Editorial: Governments Must Preserve, Not Destroy Air Connectivity

loading cargo into aircraft

Amenity kits are loaded onto a Hawaiian Airlines aircraft to assist Maui residents affected by wildfires.

Credit: Hawaiian Airlines

Drought and extreme heat set the stage for frequent wildfires across parts of North America and Europe during the summer months, causing widespread destruction and loss of life.

The immediate aftermath of the wildfires in Maui saw Hawaiian Airlines evacuate around 17,000 people from the island, add flights to transport essential cargo and supplies, and set up a relief fund for affected colleagues. Several more carriers also provided airlift, as well as supporting the vital aid efforts of partner organizations. It was a similar story in other parts of the world, where airlines rushed to adjust service and implement flexible cancellation policies to facilitate the evacuation process.

This year has seen carriers respond to numerous humanitarian crises, none more so than the devastating earthquakes that struck the border between southern Turkey and northern Syria in February. Turkish Airlines evacuated almost 300,000 people from the region in the following weeks, while other airline partners supported relief organization Airlink to mobilize personnel and resources to the area. Without question, aviation helped to save lives and continues to assist the recovery.

Each day, airlines make a vast positive contribution to humanity and trade by connecting people, cultures, businesses and economies. And, when disaster strikes, these links become even more critical, a factor plainly evident during the pandemic, when airlines were also essential to delivering medical equipment and vaccines. However, even though aviation serves as a dependable ally to governments during times of distress, the industry’s role as a force for good is often forgotten during calmer periods.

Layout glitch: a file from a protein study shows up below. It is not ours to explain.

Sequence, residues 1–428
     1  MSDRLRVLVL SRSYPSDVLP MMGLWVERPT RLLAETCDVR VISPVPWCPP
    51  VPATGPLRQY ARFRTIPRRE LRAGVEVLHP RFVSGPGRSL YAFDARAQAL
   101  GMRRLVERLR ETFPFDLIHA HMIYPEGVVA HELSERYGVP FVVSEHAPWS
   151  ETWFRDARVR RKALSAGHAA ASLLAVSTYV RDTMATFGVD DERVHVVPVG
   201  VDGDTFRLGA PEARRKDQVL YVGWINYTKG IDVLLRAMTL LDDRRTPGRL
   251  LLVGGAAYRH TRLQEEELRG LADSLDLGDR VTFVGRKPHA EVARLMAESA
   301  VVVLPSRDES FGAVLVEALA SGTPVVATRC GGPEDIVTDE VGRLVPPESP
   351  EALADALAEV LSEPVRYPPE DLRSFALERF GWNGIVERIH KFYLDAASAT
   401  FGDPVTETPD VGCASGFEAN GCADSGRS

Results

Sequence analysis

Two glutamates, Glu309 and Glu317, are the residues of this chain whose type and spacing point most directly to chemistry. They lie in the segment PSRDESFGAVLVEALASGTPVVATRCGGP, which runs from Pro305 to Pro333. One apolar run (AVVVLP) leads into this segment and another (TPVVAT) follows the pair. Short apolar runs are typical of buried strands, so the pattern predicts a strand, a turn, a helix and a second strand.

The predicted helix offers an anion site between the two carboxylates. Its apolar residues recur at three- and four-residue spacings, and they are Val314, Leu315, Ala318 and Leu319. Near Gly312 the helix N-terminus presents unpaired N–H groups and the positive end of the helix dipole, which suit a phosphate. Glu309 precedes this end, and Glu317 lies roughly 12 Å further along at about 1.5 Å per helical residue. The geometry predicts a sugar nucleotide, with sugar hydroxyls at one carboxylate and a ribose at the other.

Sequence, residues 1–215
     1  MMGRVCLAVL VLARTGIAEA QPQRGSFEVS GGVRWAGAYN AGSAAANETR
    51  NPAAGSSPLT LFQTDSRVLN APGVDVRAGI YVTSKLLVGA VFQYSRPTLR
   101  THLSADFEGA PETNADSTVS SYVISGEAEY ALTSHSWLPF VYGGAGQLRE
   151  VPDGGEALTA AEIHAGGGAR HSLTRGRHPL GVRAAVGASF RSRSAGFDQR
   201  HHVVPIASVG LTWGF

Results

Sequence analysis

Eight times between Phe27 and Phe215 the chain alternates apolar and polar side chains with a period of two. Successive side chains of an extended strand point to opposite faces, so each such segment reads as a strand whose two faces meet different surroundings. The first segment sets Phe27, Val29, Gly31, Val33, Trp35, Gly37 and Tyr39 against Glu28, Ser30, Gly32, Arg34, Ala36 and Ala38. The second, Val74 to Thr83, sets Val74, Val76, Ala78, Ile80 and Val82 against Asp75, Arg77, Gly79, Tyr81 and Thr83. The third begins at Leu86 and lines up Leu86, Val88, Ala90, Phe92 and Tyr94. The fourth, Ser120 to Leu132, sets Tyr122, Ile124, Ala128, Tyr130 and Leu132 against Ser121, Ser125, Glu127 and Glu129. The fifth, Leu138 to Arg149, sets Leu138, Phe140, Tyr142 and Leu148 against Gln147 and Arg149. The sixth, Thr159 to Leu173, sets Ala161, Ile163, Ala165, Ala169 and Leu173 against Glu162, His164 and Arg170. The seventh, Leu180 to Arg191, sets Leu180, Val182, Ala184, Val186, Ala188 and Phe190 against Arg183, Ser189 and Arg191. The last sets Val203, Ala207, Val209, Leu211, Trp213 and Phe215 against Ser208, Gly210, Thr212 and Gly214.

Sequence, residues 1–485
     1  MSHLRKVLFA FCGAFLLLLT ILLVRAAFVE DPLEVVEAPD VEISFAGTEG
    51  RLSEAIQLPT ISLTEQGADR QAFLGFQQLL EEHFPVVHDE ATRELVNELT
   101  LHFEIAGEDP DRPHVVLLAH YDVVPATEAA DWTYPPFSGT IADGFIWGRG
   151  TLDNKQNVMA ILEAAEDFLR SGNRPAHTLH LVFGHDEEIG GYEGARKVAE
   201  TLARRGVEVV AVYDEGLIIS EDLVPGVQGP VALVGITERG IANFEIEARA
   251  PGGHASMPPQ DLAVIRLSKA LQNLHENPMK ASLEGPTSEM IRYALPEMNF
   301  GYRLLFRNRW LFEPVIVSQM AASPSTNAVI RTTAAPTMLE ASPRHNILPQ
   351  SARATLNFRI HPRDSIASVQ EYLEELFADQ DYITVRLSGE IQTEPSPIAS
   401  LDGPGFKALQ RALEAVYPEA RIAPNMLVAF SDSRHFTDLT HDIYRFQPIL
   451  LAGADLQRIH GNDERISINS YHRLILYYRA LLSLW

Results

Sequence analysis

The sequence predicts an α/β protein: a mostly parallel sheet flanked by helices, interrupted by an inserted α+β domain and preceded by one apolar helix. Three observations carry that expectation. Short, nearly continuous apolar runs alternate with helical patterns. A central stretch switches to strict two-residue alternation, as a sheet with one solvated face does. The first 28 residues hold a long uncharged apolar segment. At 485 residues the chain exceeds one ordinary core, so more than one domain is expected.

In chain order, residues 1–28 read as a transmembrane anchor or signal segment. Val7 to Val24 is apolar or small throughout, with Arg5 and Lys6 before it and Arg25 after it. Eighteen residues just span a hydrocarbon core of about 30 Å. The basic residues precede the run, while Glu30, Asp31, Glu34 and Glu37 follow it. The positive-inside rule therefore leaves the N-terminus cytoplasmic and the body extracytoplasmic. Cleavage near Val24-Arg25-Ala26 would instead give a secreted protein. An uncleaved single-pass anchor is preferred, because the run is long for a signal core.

Government interference in Mexico and the Netherlands are prime examples. In Mexico, political leaders are further shrinking airline capacity at the country’s main gateway at Mexico City International Airport this winter, reducing the number of hourly slots from 52 to 43. Likewise, the Dutch government has won permission to curtail air service at Amsterdam Schiphol due to noise issues—a decision KLM has described as “incomprehensible.”

Elsewhere, a draft ministerial decree in Belgium has outlined a proposed ban on night flights at Brussels Zaventem Airport, while in France, a country that already has bans on domestic flights on routes for which a rail alternative of under 2.5 hours exists, moves are also afoot to increase taxes on air tickets to boost investment in the rail sector.

Culling capacity at major hubs serves only to stifle connectivity, limit travel options for passengers, and push air fares higher. This in turn reduces demand and makes flying something for the rich and privileged.

For the aviation sector to transition to its net zero goal, governments around the world must be active and supportive participants. Fostering and helping finance an environment that encourages responsible growth and incentivizes technological innovation will not only ensure a more sustainable future, but also maintain and grow the levels of connectivity that society needs. Limiting flights and raising taxes achieves neither. 

David Casey

David Casey is Editor in Chief of Routes, the global route development community's trusted source for news and information.